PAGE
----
My oldest child has stepped away from this place and out into the world. She is a connector, seeing people for who they are, not who they appear to be. She challenges me and my stated beliefs on a regular basis. She has landed in a place where diversity does not necessarily equal poverty mentality and self-destructive behaviors. It exists as an equal opportunity as does goal-oriented focus and success.

Her new friends have many roots, yet they are all connected. She connects and she helps them to connect with others from all over the world. It is a true melting pot of interdependence and compassion.

This generation, both here in the U.S. and in countries like Egypt, want so much more from their world. They desire peace and cooperation, and many of them know exactly how to make it happen. They have been nurtured to recognize that God is not a divider separating people into categories of worthiness. They do not see skin color, religious beliefs, or sexual preference as qualifiers. They understand that God is within them and will be experienced by others through their compassion, their vision, their passion, and their love for one another.

In a sense, they are collectively…..God. Aya. One.

They are the indigos, the crystals, and the rainbows.

They may very well be the catalysts who usher in an age of true interdependence.

They are The Connectors.

I am glad to be a part of the connection.

An Adventurous Introvert

Personality tests are a lot of fun for me. Most of the time when I take them, I am mixed up and confused enough that no single dominant trait just screams to the world, “HEY, THIS DESCRIBES ANGIE PERFECTLY!!!!”

Today was different.

Maybe I’m getting really comfortable in my new skin.

Today I took the mini version of Enneagram test. Hitting the submit button revealed that I am a strong Type 7 with moderate doses of Types 1, 2, and 4.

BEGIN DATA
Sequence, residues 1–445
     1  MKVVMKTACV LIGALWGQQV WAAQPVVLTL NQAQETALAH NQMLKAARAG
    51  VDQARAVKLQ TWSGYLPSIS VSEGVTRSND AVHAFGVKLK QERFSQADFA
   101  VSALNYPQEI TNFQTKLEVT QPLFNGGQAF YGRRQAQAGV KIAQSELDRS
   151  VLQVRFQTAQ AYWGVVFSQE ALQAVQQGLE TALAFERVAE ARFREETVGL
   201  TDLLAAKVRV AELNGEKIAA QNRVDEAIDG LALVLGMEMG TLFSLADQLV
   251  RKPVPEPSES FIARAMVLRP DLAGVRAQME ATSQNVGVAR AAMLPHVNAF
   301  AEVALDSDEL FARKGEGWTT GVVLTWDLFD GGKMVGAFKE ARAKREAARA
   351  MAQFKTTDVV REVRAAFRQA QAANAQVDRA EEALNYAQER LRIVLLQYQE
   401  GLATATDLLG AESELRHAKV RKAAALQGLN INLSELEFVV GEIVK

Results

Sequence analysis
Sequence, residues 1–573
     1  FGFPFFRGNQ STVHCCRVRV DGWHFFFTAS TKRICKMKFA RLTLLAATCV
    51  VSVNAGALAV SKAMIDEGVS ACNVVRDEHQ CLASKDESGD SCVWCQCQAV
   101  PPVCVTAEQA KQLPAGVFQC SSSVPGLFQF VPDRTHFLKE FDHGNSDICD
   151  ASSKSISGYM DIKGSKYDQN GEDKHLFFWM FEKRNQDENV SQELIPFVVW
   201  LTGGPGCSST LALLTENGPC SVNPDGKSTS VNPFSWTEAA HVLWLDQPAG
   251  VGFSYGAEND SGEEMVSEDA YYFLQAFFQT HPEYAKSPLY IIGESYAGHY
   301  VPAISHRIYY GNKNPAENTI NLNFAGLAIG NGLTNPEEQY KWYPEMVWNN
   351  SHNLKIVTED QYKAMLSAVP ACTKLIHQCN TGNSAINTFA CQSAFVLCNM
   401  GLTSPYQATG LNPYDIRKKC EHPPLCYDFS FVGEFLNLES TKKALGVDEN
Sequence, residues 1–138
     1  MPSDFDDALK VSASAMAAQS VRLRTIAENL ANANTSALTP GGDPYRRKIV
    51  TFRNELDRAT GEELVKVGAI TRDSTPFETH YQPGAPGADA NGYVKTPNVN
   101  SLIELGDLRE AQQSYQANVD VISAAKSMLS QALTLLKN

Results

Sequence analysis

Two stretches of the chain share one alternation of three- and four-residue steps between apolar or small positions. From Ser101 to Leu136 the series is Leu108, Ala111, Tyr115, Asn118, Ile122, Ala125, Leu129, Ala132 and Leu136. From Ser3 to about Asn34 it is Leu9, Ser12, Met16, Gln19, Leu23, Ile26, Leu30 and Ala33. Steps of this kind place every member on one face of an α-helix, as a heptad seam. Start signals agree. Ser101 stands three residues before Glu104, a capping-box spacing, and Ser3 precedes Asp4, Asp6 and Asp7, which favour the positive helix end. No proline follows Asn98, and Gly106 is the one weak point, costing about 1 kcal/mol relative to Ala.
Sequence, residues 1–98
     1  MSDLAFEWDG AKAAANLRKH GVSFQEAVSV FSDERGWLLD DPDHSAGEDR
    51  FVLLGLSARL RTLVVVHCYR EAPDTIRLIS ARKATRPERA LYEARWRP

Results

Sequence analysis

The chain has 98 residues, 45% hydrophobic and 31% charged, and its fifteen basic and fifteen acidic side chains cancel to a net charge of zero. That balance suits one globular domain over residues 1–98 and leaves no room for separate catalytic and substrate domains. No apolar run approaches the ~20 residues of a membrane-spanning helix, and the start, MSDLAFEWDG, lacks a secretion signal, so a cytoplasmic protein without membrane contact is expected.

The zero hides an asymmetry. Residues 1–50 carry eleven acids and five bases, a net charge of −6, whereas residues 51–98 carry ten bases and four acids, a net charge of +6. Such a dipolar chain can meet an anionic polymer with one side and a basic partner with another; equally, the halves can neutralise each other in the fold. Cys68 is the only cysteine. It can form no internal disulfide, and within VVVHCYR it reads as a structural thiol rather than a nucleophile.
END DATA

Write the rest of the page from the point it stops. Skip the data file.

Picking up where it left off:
So I clicked to read the description of Type 7.

And I died laughing.

Rarely if ever have I seen a more perfect description of me. Every quirk, whim, emotion, and attitude was right there on the screen before my eyes.

Apparently, I am an Adventurer.

The Adventurer (the Seven)

Adventurers are energetic, lively, and optimistic. They want to contribute to the world.

How to Get Along with Me
(this is important–and right on target, so pay attention!)

  • Give me companionship, affection, and freedom. Freedom is the biggie.
  • Engage with me in stimulating conversation and laughter.
  • Appreciate my grand visions and listen to my stories. Yes, I know my left-brained, details-heavy version is a bit monotonous, but hang with me on it.
  • Don’t try to change my style. Accept me the way I am. You’ll only frustrate yourself if you expect anything else.
  • Be responsible for youself. I dislike clingy or needy people. Including my own children….just sayin’. You ARE over the age of four. I think you can fix your own breakfast at this point. And lunch. And possibly dinner, too.
  • Don’t tell me what to do. Really. Don’t. Unless you want me to do the opposite, then you can try it and see what happens.

What I Like About Being a Seven

  • being optimistic and not letting life’s troubles get me down
  • being spontaneous and free-spirited (Some might go so far as to say “irresponsible”. It’s okay. The spontaneous part is a bit of a stretch.)